Children do not enter the world as harbingers of hate, prejudice and ignorance.  When a child lacks healthy exposure to a variety of people and experiences, to an education which excites the imagination, to a family unit and friends where he feels like an important part, to values that result in positive behavior, he will look for somewhere to belong. Without the skill of discernment any port becomes a refuge from the storm of an abused, uninteresting, tough, and neglected life.  Children are sponges soaking up what is around them. They either absorb love, acceptance, and a sense of belongingness or they feel abandoned, unworthy, and unimportant.

If we do not grow up being exposed to the vast wonders of the world and to the beautiful tapestry of our different human being’s colors, beliefs, cultures, and customs we only trust what we’ve been allowed to see.  If we do not grow up encouraged to associate with people of other religions, other races, other socio-economic groups, as adults we tend to associate with those people who look like us, believe what we believe, and interact with those who have the same standard of living we do.

We must be taught to value others, to have compassion, to be respectful, helpful, and kind. We cannot find sameness in our differences if we’re being taught to judge, to elevate ourselves above others, to fear difference, to disrespect who other people are, and to devalue what they care for.

White people who hate and judge are ignorant. They are run by a fear-based, narrow minded, and victimized view of the world. Black and brown people who hate are no different.

Regardless of skin color people who chose to participate in animosity and divisiveness are ignorant. Their ignorance is a result of refusing to open their eyes and hearts to anything other than their narrow and biased point of view. Those with a closed heart and judging minds will always be part of the problem while deluding themselves into thinking they are being the solution.  The solution they see is one-sided, based upon what they were taught to believe. But, narrow-minded prevents a big picture view.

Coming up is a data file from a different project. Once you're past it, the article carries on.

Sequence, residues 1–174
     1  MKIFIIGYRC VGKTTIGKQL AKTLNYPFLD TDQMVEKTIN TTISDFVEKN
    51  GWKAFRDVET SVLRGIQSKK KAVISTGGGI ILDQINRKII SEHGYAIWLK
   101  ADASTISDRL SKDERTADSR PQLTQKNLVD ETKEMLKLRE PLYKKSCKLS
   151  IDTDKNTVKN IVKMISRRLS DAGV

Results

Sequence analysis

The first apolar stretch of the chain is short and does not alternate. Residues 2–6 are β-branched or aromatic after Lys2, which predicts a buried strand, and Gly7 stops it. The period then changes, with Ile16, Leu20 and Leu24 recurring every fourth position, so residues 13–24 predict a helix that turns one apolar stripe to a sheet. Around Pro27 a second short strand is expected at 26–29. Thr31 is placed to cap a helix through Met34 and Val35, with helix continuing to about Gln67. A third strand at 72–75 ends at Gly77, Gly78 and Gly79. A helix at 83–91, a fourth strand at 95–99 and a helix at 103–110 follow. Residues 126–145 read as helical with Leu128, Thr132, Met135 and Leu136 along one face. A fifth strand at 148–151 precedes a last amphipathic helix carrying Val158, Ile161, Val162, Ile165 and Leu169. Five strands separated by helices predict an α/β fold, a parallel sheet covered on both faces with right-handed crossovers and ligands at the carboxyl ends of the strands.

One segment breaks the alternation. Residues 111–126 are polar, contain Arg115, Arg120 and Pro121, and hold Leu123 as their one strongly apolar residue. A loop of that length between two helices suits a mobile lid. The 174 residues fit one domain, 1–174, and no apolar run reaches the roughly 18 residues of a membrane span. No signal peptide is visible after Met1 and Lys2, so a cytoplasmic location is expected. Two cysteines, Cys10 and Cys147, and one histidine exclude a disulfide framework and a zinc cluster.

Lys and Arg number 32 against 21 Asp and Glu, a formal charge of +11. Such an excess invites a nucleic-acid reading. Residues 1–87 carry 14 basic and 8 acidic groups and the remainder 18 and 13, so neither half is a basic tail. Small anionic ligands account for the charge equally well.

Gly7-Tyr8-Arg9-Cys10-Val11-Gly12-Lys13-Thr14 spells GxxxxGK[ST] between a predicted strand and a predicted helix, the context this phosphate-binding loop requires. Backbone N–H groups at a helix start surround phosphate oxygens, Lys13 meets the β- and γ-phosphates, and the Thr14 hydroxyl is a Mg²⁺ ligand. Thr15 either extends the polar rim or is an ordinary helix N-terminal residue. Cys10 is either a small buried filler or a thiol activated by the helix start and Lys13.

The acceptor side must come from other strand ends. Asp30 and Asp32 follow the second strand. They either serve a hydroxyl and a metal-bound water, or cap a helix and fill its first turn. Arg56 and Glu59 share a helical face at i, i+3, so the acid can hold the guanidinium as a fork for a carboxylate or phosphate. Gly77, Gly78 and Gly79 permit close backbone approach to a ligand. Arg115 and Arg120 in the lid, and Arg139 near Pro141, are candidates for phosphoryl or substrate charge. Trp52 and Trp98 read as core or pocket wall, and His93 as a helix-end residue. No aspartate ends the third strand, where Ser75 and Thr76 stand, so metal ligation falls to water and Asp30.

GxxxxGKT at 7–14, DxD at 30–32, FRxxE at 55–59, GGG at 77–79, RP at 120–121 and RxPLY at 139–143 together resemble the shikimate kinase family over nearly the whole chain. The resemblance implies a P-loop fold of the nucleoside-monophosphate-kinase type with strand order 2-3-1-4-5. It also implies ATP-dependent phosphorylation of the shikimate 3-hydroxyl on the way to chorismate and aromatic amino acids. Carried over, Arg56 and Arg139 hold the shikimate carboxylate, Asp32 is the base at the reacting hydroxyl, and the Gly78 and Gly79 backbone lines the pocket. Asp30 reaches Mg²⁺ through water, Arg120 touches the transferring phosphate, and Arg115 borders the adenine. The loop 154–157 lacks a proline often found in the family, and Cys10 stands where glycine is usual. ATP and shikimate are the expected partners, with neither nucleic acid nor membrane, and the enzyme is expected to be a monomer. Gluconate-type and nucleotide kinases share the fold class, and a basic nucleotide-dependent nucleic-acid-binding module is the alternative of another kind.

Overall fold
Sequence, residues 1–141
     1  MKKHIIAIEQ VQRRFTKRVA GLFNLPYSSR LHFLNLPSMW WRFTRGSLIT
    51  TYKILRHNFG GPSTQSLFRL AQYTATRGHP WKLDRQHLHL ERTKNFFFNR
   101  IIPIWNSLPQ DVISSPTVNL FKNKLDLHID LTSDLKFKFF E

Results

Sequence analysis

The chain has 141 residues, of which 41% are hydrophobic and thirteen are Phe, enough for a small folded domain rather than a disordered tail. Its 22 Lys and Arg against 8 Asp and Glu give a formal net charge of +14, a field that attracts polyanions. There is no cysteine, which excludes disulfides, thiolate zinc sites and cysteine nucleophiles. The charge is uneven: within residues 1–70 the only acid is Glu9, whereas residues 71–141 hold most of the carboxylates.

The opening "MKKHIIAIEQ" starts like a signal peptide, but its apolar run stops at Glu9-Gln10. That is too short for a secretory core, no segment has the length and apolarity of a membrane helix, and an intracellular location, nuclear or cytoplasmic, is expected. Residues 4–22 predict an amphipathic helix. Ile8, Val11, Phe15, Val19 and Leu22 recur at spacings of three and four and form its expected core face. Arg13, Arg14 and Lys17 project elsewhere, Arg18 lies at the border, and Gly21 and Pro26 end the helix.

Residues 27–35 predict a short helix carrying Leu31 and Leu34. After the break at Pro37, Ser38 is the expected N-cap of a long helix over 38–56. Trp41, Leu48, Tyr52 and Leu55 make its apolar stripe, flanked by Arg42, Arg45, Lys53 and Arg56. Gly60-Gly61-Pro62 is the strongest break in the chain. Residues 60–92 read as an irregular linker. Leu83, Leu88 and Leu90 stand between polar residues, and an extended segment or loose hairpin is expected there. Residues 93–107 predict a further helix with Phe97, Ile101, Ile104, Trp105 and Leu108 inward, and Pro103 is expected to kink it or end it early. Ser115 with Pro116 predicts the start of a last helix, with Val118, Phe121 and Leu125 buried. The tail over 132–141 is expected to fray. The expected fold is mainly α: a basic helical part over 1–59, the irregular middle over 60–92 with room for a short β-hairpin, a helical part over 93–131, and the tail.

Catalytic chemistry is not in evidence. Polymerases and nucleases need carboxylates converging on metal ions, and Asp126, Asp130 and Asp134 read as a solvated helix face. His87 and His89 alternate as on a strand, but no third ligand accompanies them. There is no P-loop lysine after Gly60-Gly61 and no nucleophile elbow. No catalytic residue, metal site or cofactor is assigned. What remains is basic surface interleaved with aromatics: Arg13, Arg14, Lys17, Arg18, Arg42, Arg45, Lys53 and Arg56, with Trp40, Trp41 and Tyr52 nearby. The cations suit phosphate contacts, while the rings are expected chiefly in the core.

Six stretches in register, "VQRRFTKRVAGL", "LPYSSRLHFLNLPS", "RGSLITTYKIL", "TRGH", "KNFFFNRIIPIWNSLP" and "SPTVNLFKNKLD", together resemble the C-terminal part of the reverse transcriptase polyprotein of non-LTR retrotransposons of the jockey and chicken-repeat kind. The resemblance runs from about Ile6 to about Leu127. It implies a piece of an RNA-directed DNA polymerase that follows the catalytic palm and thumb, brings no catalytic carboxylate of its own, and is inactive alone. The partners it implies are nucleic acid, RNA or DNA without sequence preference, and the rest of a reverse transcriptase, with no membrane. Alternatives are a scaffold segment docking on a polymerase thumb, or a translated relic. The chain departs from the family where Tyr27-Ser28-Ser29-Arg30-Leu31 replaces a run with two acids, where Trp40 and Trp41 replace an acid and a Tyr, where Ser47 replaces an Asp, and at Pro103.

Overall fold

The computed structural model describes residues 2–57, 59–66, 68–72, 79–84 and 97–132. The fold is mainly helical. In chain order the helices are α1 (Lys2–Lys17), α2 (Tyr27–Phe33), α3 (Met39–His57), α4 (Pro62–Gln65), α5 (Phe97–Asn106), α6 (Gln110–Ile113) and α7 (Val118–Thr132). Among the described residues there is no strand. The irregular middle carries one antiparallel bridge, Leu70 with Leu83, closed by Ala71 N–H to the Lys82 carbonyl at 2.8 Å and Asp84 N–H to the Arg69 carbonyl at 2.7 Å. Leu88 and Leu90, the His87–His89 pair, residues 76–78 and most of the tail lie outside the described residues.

All of this is to say prejudice, hate, homophobia, xenophobia are learned behaviors.  People are taught how to behave and what to believe. Those who are disrespectful will never win the respect they so desperately seek. Respect, like trust, is earned. And being respected is not the same as being feared or liked.

To move our collective emotional evolution forward, to have our heart be an equal partner with our technological growth, we must teach ourselves and our children to love.  I know this sounds like a spiritual guru’s pat answer. But only because it is the right answer; one enlightened teachers have been sharing with the world for millennia.  But now, to walk the talk, we must listen.

Hate and prejudice will only be solved by elevating the emotional consciousness of the planet.  So yes, this is a spiritual responsibility but one that has been supported by all the emotionally conscious heroes among us. Albert Einstein wisely said, “Problems cannot be solved with the same level of awareness that created them.”

That means discernment is different than suspicion. Self-protection is different than instigating violence. And increasing exposure to the best of what different cultures, genders, ages, and races has to offer is setting children up for an open-minded and open-hearted attitude about those who are different.

Along with instruction on how to protect themselves, how to stand up for what’s right, we need to give children tools to do so in a peaceful and productive manner.  We must show them how to deal with anger in constructive ways and how to turn off hate-filled propaganda. We can only teach what we know and practice.

We are human beings who must learn to live together as one big, often dysfunctional, but always respectful and non-violent family. Devoted to the heart-evolving path of finding sameness in our difference.